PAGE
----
October 29, 2010

Liberalism: Look To The Science?

At last, a scientific explanation may have been discovered for the existence of “progressives”.

Liberals may owe their political outlook partly to their genetic make-up, according to new research from the University of California, San Diego, and Harvard University. Ideology is affected not just by social factors, but also by a dopamine receptor gene called DRD4. The study’s authors say this is the first research to identify a specific gene that predisposes people to certain political views.

Imagine that!

Read the rest here.

by @ 12:19 pm. Filed under Hmmmmmm....

October 11, 2010

The United Nations

Yeah, them again, those rascals.

Chuck here.

I’ve been meaning to post this since Friday last, but only just had the opportunity to look up the online version and do so. The article in question appeared in the New York Post under the heading, Raped Under UN Auspices: The corruption of peacekeeping.

This is the entire article by Claudia Rosette.

Can United Nations peace keeping deliver peace? It sure failed this summer in an eastern province of the Democratic Republic of the Congo, where armed groups went on a spree of gang rape just 20 miles up the road from a contingent of dozens of UN blue helmets. Despite warnings of trouble, it took three days — during which the raping of hundreds of women continued — before a UN patrol showed up.

It took more than a week before the head of the UN’s Congo peacekeeping mission, US diplomat Roger Meece, says he learned of the rapes. And it took almost three weeks before the UN special representative for ending sexual violence in conflict zones, Margot Wallstrom, says she heard about it — from media reports.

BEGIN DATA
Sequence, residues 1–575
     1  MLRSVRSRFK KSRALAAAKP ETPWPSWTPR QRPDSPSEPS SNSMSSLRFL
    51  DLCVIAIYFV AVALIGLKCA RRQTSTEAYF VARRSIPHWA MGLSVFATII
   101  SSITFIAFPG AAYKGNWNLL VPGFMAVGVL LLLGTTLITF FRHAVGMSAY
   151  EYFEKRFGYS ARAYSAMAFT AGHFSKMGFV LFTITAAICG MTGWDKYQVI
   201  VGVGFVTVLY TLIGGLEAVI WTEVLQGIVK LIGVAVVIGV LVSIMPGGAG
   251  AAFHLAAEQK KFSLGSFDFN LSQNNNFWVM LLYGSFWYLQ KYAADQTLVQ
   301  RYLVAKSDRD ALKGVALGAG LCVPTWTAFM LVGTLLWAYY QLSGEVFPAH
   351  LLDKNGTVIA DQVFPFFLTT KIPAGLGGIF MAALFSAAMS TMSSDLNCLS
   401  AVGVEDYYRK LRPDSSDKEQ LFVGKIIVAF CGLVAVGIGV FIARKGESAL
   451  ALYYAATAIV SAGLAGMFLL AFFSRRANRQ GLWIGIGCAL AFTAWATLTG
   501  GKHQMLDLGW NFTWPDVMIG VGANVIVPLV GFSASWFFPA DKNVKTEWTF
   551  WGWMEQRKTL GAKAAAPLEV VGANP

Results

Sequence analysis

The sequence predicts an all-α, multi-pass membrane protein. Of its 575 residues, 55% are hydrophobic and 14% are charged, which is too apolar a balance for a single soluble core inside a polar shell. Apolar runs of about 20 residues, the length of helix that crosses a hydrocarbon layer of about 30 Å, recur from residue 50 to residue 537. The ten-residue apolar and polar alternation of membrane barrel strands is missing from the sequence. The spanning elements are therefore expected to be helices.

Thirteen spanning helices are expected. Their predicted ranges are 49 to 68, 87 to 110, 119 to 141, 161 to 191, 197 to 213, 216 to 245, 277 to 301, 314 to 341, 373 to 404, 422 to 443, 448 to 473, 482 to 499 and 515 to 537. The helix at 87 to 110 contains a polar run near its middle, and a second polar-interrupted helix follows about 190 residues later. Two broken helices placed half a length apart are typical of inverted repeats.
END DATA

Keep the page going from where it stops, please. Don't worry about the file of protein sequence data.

The United Nations then responded with a ritual mea culpa. First blaming Congo authorities, a UN assistant secretary-general for peacekeeping, Atul Khare, said “Clearly we have also failed . . . We must do better.”

Dream on. The United Nations is forever promising to do bet-

ter. Instead, what it mainly does is get bigger, especially in the peacekeeping department.

During the UN’s first 45 years, from 1945-1990, it launched a grand total of 18 peacekeeping missions. In the 20 years since, it has initiated more than twice that number. Over the last decade, the number of UN peacekeeping personnel in the field has soared ninefold, to 124,000, involved in 16 operations, and the UN’s annual peacekeeping budget has more than quadrupled, to almost $8 billion — of which the United States supplies 27 percent, or more than $2 billion.

The record is at best one of fitful peace, punctuated by UN scandals and failure to prevent atrocities or even war and genocide. Examples abound, from Somalia to Rwanda, Srebenica, Haiti and Darfur.

Too often, the United Nations serves as a fig leaf for politicians, including American ones, while obfuscating or even perpetuating conflicts. In Lebanon, for instance, the UN has had peacekeepers in place since 1978. Under their noses the Iranian-backed terrorists of Hezbollah stockpiled weapons for the 2006 summer war with Israel. Under the gaze of a now-expanded UN peacekeeping force, Hezbollah is reportedly rearming, with deadlier weapons.